So speaking of doing something, the project is now in full bore. The process of grabbing material is not the difficult part – between a small handful of folks, the 200 gigabyte-a-day number could be maintained indefinitely, but we paused for a day or two while figuring out the best places to put it, the way to handle crazy filesystem issues, and all the logistical stuff you don’t initially think about when you run naked into the snow at midnight. I think we’ve got most of that handled at this point, and as we’re rsyncing between multiple “pools” of people with the capacity to hold all this incoming stuff, it’s just awesome to see the history literally flowing through the pipes. This is a lot of data, people; as I have indicated, this is an enormous cross-section of humanity, ranging from academics and historians through to music collectors, science fiction fans, conspiracy theories and prideful craftsmen. I’ve only occasionally glanced at stuff when a funny or interesting directory name goes by, but I am rewarded heavily by what’s here. As the amount of data grows (we are somewhere in the terabyte range, I believe, but further optimizations must be done), I expect this to only get better and better.
Oh, and did I mention the backlash?
Well, first of all, the usual bubbling mass of people who work with or for Yahoo and affiliated companies are not pleased about the general tactic I’ve taken of calling Yahoo all sorts of bad names and generally insulting the company’s good name. I’m sure some portion of them will have extra time to rip into me about this characterization, considering Yahoo is about to lay a bunch of them off. Â If someone calls your company a barrel of bastard monkeys for doing what you can sort of origami yourself mentally into thinking is Good Business, you’re more than entitled to call me a heap of insulting names and indicate I am an ignorant foghorn interrupting your evening reading. Whatever makes the pillow feel like a vacation.
But many, many other folks came out of the woodwork, either to thank me and the project, ask further questions, or volunteer assistance. In fact, there’s almost too many people volunteering assistance. There’s only a limited amount of spectrum in the realm of grab everything off of Geocities, after all. So after the pile of people doing industrial-grade downloading and syncing, I’ve mostly been asking people to:
- Help improve the Archive Team Wiki.Â
- Go find obscure sets of linked Geocities sites from things like mailing lists, usenet, forums, and so on.
- Track down obscure Geocities history and articles, so we can add it to the collection.
- Await further instructions.
Some people want to be The Hero and don’t want to wait out until the next phase of things happen – we’re going to end up with terabytes of this data and then we’re going to see where it goes, who we donate it too, how it might be stored, curated, and so on – so they’re somewhat antsy. I can’t do much about this, other than to point out that there’s so much to Geocities that you could probably soldier off on your own and not be completely redundant grabbing data. I’ve had people doing their own thing for 50 gigabytes and while 27 of it has overlapped, that means I got 23 more gigabytes of 150k Geocities HTML files and all the other attendant stuff in these sites. Millions of files we wouldn’t have gotten sooner.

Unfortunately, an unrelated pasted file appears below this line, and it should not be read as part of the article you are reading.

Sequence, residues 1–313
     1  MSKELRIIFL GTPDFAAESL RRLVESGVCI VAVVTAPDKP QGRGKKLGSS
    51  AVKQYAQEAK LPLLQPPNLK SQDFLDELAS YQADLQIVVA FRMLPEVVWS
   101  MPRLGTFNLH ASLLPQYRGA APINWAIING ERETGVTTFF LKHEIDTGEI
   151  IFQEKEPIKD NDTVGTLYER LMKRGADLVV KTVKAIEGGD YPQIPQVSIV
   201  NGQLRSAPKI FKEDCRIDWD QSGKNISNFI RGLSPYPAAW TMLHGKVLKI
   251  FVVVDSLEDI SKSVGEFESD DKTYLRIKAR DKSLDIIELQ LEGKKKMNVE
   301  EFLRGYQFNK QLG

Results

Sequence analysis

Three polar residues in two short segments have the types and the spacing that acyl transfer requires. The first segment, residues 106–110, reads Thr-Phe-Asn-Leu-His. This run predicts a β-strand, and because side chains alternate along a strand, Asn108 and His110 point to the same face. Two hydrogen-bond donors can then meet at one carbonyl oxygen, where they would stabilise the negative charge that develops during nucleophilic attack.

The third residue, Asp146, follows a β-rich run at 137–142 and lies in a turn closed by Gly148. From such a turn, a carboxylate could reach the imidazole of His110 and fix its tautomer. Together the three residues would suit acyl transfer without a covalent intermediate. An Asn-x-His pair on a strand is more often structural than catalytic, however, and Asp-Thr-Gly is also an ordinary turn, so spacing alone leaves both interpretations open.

What matters is stuff is being grabbed – I found discussions from sites that are into some obscure or non-mainstream hobby, who have gone “Holy crap, all our best old stuff is on Geocities!” and they’ve launched into projects to mirror the stuff; that warms my heart. And I’ve watched people on the Archive Team site go off and work on pretty damn complicated solution sets to deal with archiving a site that has millions of files – once they finish that stuff, the next Geocities-level crisis will be ever smoother to handle. Oh, it’s good. It’s good beyond good.
Other than that, not much to tell you. Running statistics against a set of machines that holds something like 8-10 million files is tedious and not overly informative. When we get to a certain breakpoint, I’ll give you the statistics that some like to hear – how many individual sites saved, how many different kinds of files we got, and so on. Right now, I’m just collecting hard drives from generous donators, downloading like crazy, and coordinating what needs coordinating. It’s going great!
Oh, one other bit.
With the implosion of Geocities imminent, a couple companies are stepping in with the shark-toothed smile and the outreached arms to capture up all these potential refugees. A couple contacted me. Here’s DreamhostÂ (with historically interesting story attached), and Jimdo LifeboatÂ (with theoretically-better long-term free hosting offer). I will not vouch for either; I’m just passing along who mailed in. Always keep a local backup, and don’t trust anybody.
More on this fascinating saga as it unfolds.